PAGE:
[Longtime partner] Mark Suster and I were introduced through a mutual business acquaintance in the venture world, and I got to know him over a period of time and really came to find him to be a remarkable individual. He’s thoughtful about the business itself, he’s an incredible brand builder. I think you could argue that [Upfront] put L.A. on the venture map.
It was also, for a long time, an early-stage firm, but now it has a ‘barbell’ strategy. Is your new job to make sure it can maintain its stake in its portfolio companies as they grow? Can you shop outside of that portfolio?
The mission for me will be supporting the best of Upfront’s hundred-plus existing portfolio companies that are poised to scale, and also to invest in companies not currency on the platform, and I anticipate [the latter] will happen more and more over time.
Twitter was a lot more active on the corp dev front during the years when you were there. Why?
When i joined in 2018, Jack Dorsey had been CEO for about three years, and really his focus was on the core mission of driving the public conversation, and in doing that, Twitter shrunk itself out of a lot of businesses and [shrunk] people wise as well.
It laid people off in 2016.
And one of the offshoots of that was way less in the way of newer products, so there were no new acquisitions in the three years prior to me joining, and that muscle atrophies if you don’t exercise it.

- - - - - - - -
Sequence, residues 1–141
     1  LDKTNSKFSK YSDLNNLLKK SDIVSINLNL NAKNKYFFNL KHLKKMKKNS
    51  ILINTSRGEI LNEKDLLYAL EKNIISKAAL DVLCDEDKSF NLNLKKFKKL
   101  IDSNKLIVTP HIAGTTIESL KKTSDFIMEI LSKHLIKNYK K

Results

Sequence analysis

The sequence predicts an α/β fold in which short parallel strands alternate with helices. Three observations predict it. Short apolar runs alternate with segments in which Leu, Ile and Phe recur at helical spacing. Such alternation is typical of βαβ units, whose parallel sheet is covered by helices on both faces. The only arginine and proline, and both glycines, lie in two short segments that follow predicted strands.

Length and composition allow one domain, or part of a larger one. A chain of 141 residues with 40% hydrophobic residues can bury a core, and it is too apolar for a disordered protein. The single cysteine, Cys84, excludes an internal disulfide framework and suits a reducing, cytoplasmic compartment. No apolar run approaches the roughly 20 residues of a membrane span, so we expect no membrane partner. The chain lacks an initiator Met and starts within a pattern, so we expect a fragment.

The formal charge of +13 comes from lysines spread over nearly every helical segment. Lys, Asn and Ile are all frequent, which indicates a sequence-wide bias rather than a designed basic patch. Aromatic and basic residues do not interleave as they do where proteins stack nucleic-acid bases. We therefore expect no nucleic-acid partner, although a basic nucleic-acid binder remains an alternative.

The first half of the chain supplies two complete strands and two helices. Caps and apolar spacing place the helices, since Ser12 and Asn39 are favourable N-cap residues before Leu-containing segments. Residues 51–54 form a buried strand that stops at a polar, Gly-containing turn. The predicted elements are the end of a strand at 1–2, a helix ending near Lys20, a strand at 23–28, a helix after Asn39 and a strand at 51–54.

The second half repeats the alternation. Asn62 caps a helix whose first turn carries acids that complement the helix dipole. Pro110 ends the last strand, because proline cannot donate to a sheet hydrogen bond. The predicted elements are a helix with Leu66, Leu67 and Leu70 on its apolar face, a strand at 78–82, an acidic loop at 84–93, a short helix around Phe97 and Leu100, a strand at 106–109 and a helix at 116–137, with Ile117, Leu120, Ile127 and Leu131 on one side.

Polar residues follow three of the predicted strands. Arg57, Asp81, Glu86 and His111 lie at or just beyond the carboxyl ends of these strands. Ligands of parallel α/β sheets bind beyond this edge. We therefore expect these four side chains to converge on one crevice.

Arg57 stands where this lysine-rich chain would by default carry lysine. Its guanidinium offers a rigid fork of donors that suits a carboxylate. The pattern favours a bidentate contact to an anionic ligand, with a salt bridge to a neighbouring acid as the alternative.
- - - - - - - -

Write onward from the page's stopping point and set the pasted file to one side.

Massive Fundings
Disc Medicine, a four-year-old, Cambridge, Ma.-based clinical-stage biotech focused on hematologic diseases, raised $90 million in Series B funding. OrbiMed led the round, joined by Arix Bioscience, Janus Henderson Investors, 5AM Ventures, Rock Springs Capital, Nantahala Capital Management, Willett Advisors, and Alexandria Venture Investments. FierceBiotech has more here.
Big-But-Not-Crazy-Big Fundings
AON3D, a six-year-old, Montreal-based company that manufactures industrial 3D printers for thermoplastics, has raised $11.5 million in Series A funding. SineWave Ventures led the round, joined by AlleyCorp, Y Combinator Continuity, BDC, EDC, Panache Ventures, MANA Ventures, and numerous individual investors. TechCrunch has more here.
Centaur Labs, a four-year-old, Boston-based medical data labeling startup, has raised $15 million in Series A funding led by Matrix Partners, with participation from Accel, Global Founders Capital, Susa Ventures and Y Combinator. Forbes has more here.
Kalepa, a three-year-old, New York-based insurance underwriting platform based out of New York, has raised a $14 million Series A funding round led by Inspired Capital, with participation from previous investor IA Ventures and numerous notable individual investors, including industry operators Gokul Rajaram, Jackie Reses, and Henry Ward. TechCrunch has more here.
Smaller Fundings
Clootrack, a four-year-old, Aldie, Va.-based startup that sells customer experience analytics to enterprises, has raised $4 million in Series A funding led by Inventus Capital India, with participation from earlier backers Unicorn India Ventures, IAN Fund, Salamander Excubator Angel Fund, and CEO Babu Sivadasan. TechCrunch has more here.